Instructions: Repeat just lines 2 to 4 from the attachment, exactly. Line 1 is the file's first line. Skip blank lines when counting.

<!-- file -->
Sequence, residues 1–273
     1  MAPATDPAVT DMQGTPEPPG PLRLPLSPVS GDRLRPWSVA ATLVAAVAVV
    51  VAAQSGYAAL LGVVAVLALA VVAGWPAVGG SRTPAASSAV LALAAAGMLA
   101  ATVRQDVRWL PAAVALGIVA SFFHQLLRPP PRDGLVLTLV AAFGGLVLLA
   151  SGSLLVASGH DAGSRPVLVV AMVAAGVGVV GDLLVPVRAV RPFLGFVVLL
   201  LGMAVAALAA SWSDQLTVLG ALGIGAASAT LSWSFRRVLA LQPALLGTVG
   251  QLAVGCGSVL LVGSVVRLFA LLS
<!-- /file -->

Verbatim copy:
     1  MAPATDPAVT DMQGTPEPPG PLRLPLSPVS GDRLRPWSVA ATLVAAVAVV
    51  VAAQSGYAAL LGVVAVLALA VVAGWPAVGG SRTPAASSAV LALAAAGMLA
   101  ATVRQDVRWL PAAVALGIVA SFFHQLLRPP PRDGLVLTLV AAFGGLVLLA